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Defense Sources: Duke Accuser Gave Conflicting Stories About Alleged Rape

The woman who has accused three members of the Duke University lacrosse team of raping her at an off-campus party told investigators several different stories about the night of the alleged incident, sources close to the defense team representing the players have told FOX News.

The differing accounts are included in the 1,300 pages of evidence delivered to defense lawyers last week by Durham District Attorney Mike Nifong, the sources said.

Nifong had no immediate comment on the information said to be included in the documents. The information also has not been verified by police sources.

Meanwhile, the Durham Herald Sun reported Tuesday that medical records of the 27-year-old accuser suggest she might not have been tested for drugs or alcohol, according to a defense filing Monday. Defense lawyers for suspect Reade Seligmann say they were not given any toxicology reports by Nifong.

Nifong told a local Durham radio station that he turned over all the evidence he has and that he will hand over any new information to the defense when he gets it.

Seligmann, of Essex Falls, N.J., is one of three Duke lacrosse players who have been indicted in connection with the case. Sophomore Collin Finnerty of Garden City, N.Y., and senior David Evans of Bethesda, Md., also have been charged with first-degree charges of forcible rape, sexual offense and kidnapping. All players are proclaiming their innocence.

Click here to read the indictments against Seligmann and Finnerty.

Regarding the 1,300 pages of evidence, sources told FOX News that the accuser allegedly did not tell the officer who met her at a supermarket after responding to a 911 call that she had been raped. Later, the woman told a doctor at a mental health facility that she had been sexually assaulted. She later denied that claim to a police officer when she arrived at the Duke hospital for care.

At least two sources also said there may be a discrepancy in the number of men the accuser says were involved.

The woman also originally claimed that a second dancer who accompanied her to the party, Kim Roberts, was inside the bathroom during the alleged rape, the sources said. The accuser claims she was assaulted and sodomized in that bathroom for about a half an hour and that she tried to fend off her attackers.

When police asked Roberts whether she was in the room at the time, Roberts reportedly told police, "that's a crock."

Defense sources also say the accuser admitted to having had sexual intercourse with at least three men around the time of the alleged attack. According to those sources, when investigators questioned her after DNA tests on the semen found inside her body did not match any of the Duke players, the accuser gave police the name of her boyfriend and two men who drove her to her dancing engagements.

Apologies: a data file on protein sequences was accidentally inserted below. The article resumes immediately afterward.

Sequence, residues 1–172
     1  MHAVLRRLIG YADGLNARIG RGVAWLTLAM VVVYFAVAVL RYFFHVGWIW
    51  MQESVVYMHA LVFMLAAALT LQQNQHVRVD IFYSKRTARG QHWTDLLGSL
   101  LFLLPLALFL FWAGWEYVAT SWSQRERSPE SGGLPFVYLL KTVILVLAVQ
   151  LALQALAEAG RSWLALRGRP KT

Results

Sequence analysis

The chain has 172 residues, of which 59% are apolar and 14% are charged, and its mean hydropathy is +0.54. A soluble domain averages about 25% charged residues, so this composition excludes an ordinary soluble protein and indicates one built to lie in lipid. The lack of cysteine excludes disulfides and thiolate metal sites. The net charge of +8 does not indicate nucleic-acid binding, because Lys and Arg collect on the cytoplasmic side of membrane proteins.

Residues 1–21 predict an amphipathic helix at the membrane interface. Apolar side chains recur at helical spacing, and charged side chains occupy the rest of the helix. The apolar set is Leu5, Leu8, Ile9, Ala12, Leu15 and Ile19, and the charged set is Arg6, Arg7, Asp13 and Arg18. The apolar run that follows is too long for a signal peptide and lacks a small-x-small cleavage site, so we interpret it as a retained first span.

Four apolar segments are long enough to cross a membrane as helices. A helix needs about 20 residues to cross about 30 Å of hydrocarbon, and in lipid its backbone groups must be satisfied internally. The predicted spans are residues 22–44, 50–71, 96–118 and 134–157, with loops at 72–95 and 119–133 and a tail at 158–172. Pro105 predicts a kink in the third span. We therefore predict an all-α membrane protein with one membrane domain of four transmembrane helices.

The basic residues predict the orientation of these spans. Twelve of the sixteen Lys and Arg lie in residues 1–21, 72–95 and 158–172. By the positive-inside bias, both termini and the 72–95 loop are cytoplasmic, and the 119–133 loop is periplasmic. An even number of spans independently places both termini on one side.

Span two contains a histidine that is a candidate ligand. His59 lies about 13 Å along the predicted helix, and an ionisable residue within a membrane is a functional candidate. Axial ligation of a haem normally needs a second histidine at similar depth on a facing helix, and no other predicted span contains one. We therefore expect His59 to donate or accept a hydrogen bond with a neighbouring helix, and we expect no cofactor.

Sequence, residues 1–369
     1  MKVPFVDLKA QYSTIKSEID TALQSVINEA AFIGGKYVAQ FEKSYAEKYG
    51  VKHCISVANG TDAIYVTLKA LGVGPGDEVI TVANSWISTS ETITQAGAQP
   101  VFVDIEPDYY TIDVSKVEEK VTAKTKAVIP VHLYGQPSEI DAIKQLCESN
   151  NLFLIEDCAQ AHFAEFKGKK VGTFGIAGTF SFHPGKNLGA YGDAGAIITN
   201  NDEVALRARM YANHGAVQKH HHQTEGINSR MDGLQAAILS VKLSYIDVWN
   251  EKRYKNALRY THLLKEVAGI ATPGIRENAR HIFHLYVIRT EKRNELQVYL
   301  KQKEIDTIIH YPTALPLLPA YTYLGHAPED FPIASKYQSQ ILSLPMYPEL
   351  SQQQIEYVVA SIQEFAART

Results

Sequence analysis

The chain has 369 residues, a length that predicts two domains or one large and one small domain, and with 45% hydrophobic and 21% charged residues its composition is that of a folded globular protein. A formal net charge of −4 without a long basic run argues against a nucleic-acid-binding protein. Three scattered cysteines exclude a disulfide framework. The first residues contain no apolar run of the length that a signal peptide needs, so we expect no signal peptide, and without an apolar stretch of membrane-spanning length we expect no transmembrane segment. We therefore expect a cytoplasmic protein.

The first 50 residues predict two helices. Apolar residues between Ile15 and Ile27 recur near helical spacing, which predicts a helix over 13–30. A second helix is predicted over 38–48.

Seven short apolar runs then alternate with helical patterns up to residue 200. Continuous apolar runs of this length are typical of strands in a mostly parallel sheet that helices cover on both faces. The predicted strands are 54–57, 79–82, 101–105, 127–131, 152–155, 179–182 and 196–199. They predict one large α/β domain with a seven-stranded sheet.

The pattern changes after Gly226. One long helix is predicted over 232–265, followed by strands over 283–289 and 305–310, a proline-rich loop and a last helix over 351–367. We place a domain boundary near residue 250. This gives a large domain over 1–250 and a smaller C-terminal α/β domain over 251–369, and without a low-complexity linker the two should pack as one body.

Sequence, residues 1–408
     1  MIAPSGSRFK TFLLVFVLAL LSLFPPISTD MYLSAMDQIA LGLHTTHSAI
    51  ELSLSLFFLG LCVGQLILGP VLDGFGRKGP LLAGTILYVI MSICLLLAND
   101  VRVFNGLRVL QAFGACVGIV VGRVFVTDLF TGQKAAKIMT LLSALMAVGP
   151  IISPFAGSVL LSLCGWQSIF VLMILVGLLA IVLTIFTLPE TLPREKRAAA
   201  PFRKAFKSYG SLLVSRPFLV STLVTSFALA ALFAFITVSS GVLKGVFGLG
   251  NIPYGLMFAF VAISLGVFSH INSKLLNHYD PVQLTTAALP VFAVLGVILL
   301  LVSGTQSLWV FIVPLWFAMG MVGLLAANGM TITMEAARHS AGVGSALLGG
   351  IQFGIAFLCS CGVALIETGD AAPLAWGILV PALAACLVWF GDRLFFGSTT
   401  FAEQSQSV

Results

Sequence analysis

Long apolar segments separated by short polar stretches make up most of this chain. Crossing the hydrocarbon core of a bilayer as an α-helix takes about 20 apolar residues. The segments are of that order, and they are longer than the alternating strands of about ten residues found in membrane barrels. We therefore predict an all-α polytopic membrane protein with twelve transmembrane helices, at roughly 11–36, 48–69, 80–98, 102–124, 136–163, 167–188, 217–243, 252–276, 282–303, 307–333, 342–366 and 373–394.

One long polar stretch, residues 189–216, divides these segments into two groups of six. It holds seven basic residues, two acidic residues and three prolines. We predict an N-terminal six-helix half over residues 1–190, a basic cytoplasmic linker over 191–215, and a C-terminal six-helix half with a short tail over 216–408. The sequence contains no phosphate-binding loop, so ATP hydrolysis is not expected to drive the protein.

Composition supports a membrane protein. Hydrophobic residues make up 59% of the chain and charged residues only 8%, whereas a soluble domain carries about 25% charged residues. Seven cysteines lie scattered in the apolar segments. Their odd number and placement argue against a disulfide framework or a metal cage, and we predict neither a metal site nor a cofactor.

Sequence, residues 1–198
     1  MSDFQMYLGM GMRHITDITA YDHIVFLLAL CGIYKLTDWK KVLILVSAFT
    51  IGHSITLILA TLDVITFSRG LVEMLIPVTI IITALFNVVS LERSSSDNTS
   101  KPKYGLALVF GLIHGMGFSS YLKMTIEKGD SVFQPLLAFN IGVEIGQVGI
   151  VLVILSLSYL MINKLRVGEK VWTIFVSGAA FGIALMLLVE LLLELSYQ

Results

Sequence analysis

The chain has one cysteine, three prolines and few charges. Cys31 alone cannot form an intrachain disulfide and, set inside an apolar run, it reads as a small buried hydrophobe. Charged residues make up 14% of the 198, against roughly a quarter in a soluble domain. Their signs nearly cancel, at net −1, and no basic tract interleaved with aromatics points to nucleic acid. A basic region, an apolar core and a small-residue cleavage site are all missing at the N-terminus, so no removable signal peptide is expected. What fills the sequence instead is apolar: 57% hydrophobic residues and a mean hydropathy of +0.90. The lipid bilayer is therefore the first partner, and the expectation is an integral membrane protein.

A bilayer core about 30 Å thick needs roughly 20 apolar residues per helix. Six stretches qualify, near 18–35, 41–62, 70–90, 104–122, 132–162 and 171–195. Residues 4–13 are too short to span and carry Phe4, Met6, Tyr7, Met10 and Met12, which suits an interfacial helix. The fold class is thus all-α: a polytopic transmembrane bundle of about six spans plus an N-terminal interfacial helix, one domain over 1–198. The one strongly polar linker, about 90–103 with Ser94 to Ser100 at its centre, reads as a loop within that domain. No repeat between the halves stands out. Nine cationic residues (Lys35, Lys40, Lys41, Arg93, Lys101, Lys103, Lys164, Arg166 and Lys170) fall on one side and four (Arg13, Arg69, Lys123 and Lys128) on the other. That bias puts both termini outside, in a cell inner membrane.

The drivers say in police statements that they brought the accuser to at least five separate gigs the weekend before the alleged attack, defense sources said.

According to the sources, the papers handed over by Nifong also reveal that the forensic nurse who did a gynecological exam on the accuser did not find abrasions, tears or bleeding in the vaginal area, which is often present in forcible rapes. They say she did find swelling in the vaginal area along with tenderness in the accuser's breasts and lower right quadrant.

Several people described the accuser as being severely impaired on the night of the incident, with one of the first police officers to see her describing her as "passed out drunk." But some have suggested she may have been given a date-rape drug. Nifong apparently hinted at this possibility in a story published in Newsweek earlier this month.

The Durham Herald Sun reported Tuesday that the nurse who filled out a report on the physical exam given to the accuser indicated no toxicology tests were performed, according to the defense motion filed Monday by Seligmann's lawyers.

The lawyers said no toxicology information was contained in the 1,278 pages of data Nifong gave them last week. But if such a report exists, the lawyers said they have a right to see it and asked a judge to force Nifong to turn it over.

Nifong declined to comment to The Herald-Sun on this information.

But he told WRAL radio in Durham: "If there was a toxicology report available, it would've been included in the discovery I handed over to the defense."

Click here to read the WRAL story.

Seligmann's attorneys want a judge to order prosecutors in the case to provide any reports "generated from blood, urine or other biological samples" collected from the accuser.

FOX News' Megyn Kendall contributed to this report.